HAVING briefly laid before the reader the nature and institution of the sacraments of our religion, in general, I come now to treat of them individually. The sacrament of Baptism claims precedence; being the necessary rite of initiation, by which, as by a door of admittance, we enter into the fold of Christ, the society and communion of his flock, and become, in the language of the church, members of Christ, children of God, and inheritors of the 'kingdom of heaven.' But great as are these privileges


vileges of the baptized servant and soldier' of Christ, they do not comprehend the whole benefits of this holy sacrament. It is by baptism duly administered, and faithfully received, that we are washed and purified from the original pollution of corrupted human nature; that we are solemnly consecrated to be the peculiar property of the holy and undivided Trinity; and are blessed with the first seeds and elements of that progressive sanctification, which, in virtue of Christ's promise to his church, the spirit of holiness, if not openly resisted, and at last totally quenched, will carry on within us, in just proportion to our necessities; and until, in his own good time and manner, he bring us ' unto the measure of the stature of the fulness of 6 Christ.'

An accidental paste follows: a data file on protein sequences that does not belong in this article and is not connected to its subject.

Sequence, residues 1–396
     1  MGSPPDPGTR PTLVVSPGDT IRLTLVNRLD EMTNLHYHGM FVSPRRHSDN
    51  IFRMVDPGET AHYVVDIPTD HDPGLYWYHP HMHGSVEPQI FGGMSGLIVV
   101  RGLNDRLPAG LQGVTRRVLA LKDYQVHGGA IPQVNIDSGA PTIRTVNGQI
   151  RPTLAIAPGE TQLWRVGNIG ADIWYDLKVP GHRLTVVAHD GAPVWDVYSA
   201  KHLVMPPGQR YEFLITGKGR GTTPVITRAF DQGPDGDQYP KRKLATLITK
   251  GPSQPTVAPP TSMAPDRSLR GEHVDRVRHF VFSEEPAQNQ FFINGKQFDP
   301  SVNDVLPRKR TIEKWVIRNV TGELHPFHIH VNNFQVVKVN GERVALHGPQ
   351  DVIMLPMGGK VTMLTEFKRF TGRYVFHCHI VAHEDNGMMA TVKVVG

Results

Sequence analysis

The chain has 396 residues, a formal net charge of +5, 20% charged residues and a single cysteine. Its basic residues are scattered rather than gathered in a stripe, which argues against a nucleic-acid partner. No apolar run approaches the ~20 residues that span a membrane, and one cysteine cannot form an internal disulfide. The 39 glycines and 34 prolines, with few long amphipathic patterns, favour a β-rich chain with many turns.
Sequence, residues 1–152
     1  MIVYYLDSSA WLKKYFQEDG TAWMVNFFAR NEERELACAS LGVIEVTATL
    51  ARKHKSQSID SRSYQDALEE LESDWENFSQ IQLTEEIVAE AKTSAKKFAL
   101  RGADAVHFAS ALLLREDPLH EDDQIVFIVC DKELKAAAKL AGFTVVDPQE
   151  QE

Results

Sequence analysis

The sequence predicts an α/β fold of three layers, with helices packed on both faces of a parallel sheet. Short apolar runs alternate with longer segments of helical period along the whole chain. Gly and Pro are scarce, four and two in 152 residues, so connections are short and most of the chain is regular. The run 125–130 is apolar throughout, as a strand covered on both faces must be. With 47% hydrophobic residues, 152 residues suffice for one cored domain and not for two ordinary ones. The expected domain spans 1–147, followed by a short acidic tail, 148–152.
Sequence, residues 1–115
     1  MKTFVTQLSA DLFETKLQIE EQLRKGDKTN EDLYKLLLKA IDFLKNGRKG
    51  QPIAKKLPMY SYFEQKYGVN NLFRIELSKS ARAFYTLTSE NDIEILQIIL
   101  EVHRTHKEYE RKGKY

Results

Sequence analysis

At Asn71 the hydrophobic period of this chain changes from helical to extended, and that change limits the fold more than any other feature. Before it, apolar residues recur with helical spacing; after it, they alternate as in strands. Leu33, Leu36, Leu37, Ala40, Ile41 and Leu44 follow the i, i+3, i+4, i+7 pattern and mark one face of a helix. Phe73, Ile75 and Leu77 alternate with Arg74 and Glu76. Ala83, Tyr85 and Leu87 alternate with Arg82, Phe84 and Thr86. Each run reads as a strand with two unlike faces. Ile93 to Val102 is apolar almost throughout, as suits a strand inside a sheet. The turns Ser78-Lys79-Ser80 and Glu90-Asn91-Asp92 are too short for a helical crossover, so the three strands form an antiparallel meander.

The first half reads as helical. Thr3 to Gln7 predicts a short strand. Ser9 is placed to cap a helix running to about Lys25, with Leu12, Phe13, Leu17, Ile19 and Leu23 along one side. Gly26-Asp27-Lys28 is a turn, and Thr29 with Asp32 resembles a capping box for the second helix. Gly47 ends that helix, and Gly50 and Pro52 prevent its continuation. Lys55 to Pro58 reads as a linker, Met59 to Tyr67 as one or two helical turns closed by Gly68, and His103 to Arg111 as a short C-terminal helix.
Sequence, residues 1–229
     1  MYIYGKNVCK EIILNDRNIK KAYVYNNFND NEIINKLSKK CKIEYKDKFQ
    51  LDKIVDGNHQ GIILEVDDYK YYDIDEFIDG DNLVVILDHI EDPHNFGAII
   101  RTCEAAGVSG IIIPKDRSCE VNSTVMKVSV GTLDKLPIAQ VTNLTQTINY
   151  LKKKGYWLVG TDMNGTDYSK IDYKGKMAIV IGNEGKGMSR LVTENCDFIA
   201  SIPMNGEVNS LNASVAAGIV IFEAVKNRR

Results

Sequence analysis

Of this salutary institution the matter or outward and visible sign is water: the form is in' or into the Name of the Father, and of the Son, and of 'the Holy Ghost;' and the ministring is committed by its divine Institutor to his apostles, and to their successors in office; with whom, being sent as the Father did send the Son, that Son hath promised, that he will be always, even unto the end of the • world.'


Such being the sacred nature, and manifold blessings of the baptismal sacrament, it will be readily admitted, that young children stand in especial need of obtaining that which by nature they